1. Hobby glasses: these are magnifying lenses that clip on to my existing prescription glasses. They are 1.5 magnification and make the 15mm figures much easier to see. Made a massive difference to my painting.

2. Brush soap: like many of the things I use this is from an arts supply shop. I credit it with keeping my brushes in good condition for a very long time. It’s a bar of soap and it’s getting a bit potholed, but I can’t see it running out ever.

3. Klear wash: absolutely transforms the figures I paint. It takes a bit of practice getting the strength of ink right, but I’d not paint without it. I use Klear for:

a.  a varnish for decals.

b. as an undercoat that shows the areas that will be shaded when finished. This has the added bonus of showing where I’ve not cleaned up flash lines enough.

c. for the final ‘magic’ wash on my figures.

d. as a wash on bases and terrain. I’ve made waterways with a darker blue wash over a base blue.

4. Gunk: I use this for thinning paints; I keep it in a dropper bottle and make it 30ml alcohol, 60ml water and a drop of detergent. It keeps paints going forever, and it’s great for mixing colours on a palate.

5. VVV transfers: I use these whenever possible and have found them very easy to use. They transformed the way I felt about shields. I’ve found them easy to cut up and make different designs out of. I use them for standards too.

4. Gluing tips: gluing has at times caused the most frustration, but a few tips have made it a lot less annoying.

a. using white glue on one surface and superglue on the other is very effective, especially for shields. It doesn’t seem to work for wire to white metal, though.

b. using a graphite applicator for the superglue is much tidier. I use a 0.9mm clasp pencil lead. I now keep it clean with nail polish remover, as it was developing quite a blob.

c. using green stuff for things like shields or riders on horses where there’s plenty of contact area, but it may not be flush. I’ve found the riders of Chariot figures are good candidates for this. Araldite is another option.

d. keeping the superglue in the fridge and the green stuff in the freezer preserves their life.

7. Basing techniques: the base really lifts the whole finished element.

a. using MDF bases. Much more convenient than cutting cardboard myself, and gives a better surface.

b. using a black marker pen to colour the edge of the base; it looks very tidy and is very quick.

c. using magnetic sheets in my storage containers (from Southern Magnets) and self-adhesive metal sheets for under the bases (from Products for Wargamers). The figures store much better. No more untangling elements in one corner of a box on arriving at a destination. They even survive the box being dropped.

d. using a mixture of sand mortar and gel with artist paints for the base: this is very quick to apply and with a finishing wash of a darker colour looks great. Also described here.

e. using static grass, foliage, stones and reeds to finish the bases. With practice these are quick to apply and I find that less is actually better for the static grass. The stones are from a bag of kitty-litter stuff for soaking up grease on a barbecue. I washed them to remove dust. I glue everything on with white glue and wash the stones with my Klear wash to get a dark grey finish.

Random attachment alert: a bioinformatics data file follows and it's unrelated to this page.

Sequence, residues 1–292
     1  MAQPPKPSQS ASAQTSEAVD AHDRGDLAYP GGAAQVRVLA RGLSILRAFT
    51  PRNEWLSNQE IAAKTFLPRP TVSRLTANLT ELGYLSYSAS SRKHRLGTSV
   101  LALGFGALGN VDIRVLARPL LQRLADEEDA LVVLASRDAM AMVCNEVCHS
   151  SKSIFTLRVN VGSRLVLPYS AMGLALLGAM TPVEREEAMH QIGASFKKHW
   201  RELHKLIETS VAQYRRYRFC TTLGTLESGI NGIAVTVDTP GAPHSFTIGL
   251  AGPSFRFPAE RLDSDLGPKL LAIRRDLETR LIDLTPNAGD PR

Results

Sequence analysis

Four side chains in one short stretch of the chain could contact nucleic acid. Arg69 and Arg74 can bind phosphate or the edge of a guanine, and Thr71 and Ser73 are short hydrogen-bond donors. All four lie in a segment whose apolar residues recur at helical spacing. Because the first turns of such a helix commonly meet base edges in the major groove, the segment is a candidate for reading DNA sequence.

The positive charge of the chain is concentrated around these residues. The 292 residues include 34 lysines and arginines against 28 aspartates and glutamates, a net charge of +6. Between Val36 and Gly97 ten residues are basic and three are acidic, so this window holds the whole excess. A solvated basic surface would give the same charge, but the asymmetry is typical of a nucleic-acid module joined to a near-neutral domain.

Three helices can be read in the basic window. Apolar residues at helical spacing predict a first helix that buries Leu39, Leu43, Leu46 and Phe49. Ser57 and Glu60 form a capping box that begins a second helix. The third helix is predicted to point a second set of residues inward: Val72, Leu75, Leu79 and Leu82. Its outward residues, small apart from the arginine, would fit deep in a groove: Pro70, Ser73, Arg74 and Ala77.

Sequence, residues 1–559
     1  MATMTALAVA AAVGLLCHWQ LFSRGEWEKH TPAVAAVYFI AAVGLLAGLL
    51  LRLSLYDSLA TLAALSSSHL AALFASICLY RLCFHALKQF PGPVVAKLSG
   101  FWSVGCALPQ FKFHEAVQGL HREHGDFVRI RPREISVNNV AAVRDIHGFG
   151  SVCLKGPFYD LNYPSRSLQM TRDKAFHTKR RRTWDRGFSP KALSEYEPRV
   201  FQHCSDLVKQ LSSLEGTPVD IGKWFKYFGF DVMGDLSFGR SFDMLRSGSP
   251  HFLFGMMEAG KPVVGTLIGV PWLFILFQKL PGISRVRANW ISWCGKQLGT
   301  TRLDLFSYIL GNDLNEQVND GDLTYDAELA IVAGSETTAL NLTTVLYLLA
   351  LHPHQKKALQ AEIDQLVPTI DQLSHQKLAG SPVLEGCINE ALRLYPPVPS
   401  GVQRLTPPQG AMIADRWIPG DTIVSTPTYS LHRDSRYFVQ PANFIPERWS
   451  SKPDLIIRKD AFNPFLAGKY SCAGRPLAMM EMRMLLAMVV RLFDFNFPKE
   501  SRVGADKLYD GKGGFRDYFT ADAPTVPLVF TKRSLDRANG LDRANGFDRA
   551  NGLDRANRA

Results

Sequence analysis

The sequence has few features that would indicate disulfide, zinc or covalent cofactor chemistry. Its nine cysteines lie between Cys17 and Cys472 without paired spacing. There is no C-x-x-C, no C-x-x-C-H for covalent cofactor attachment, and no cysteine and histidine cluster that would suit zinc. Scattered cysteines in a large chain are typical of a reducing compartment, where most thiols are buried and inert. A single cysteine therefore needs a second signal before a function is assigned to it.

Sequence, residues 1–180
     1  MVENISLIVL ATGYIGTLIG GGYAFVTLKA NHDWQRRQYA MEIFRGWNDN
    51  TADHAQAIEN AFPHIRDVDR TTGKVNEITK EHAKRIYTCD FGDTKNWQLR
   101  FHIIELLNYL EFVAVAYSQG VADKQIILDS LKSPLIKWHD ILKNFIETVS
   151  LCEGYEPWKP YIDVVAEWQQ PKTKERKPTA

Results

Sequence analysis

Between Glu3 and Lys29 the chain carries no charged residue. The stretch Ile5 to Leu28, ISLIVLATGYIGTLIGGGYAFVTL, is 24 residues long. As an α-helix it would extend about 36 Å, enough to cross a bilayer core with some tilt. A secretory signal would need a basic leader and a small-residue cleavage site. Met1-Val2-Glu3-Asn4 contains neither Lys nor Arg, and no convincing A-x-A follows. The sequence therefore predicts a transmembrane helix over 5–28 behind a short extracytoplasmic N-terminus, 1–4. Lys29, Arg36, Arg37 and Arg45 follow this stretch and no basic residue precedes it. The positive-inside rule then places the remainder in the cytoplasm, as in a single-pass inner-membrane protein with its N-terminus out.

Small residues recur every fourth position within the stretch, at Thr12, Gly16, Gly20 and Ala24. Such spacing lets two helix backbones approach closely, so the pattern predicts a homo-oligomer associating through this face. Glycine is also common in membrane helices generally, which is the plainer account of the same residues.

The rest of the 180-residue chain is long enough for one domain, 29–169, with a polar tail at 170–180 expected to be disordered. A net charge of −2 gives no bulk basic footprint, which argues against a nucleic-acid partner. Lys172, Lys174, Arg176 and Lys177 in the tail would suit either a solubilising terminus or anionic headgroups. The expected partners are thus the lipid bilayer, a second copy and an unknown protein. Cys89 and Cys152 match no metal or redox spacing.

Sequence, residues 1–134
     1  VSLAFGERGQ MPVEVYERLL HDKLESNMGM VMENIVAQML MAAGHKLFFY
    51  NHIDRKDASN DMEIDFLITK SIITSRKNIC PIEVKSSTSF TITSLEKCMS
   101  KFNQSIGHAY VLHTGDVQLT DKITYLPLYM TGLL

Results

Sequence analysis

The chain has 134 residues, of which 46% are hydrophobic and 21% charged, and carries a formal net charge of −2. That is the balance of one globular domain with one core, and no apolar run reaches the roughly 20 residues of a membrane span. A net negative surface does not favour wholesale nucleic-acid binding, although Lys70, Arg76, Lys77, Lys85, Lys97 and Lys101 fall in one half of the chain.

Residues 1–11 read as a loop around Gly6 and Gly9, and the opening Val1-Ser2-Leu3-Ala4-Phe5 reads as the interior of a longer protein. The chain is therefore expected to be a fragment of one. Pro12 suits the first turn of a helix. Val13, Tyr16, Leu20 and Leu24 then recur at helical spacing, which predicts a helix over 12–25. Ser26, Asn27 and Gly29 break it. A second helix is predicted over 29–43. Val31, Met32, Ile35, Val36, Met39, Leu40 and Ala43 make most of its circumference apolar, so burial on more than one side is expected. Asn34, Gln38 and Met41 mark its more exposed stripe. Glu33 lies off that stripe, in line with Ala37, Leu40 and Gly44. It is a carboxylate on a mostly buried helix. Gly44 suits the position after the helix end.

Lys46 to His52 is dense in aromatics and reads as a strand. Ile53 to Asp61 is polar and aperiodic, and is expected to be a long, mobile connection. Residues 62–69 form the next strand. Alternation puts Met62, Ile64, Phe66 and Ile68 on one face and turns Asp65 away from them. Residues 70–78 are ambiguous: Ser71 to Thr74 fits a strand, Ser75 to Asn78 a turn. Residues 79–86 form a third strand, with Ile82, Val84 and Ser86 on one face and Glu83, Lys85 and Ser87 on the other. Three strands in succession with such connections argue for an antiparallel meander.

8. I’ve found a pin vise essential for preparing figures to hold spears, and occasionally, when the spear is really spaghetti-like I’ve drilled it out and added a Xyston spear as a replacement. The drill bits from Donnington are really sharp. I got them on a whim, but compared to the bit I’ve been using, they’re amazing. It’s just a pity they’re short, as I use the bit to drill into the base and cut into the side of the figure at times, making a very snug fit. The Xyston spears (with a thimble) are great for pricking the point you want to start drilling. I also found the hobby glasses essential for accurate drilling, as I found by trial and error!

Well, that’s a list of all the tips I can think of. I’ll no doubt think of more once I post this.

Last Thursday I got my second game of Hammer of the Scots with Chris. This time we knew the rules and it played very differently. I was the Scots again and went for the same strategy as last time, securing the Highlands and trying to work down from there. I had bad luck when a herald failed to get the Comyn to join me and I had to do it the hard way. I also failed to take Buchan when I had 6 counters ready to attack on the last turn of the year and Chris played a Truce card. After that I was driven backwards into the highlands and when Wallace was forced to go into the discard pile I was entirely eliminated on the next turn.

I suspect I was wrong to be in such awe of the English early on, and should have tried more aggressively to hold the centre of Scotland, where I’d be able to recruit and repair more armies. The hidden movement makes the English faction look very strong, but most of it is scattered nobles who aren’t that powerful on attack and need to guard their home area.

By contrast my strategy surrendered the richer centre of Scotland leaving me to fight for the highlands which just aren’t as valuable. Also if I went for the centre of Scotland I might just be able to keep Bruce alive for more than one year as well!

All in all, a fun game. Now I just have to find an opponent interested in playing it!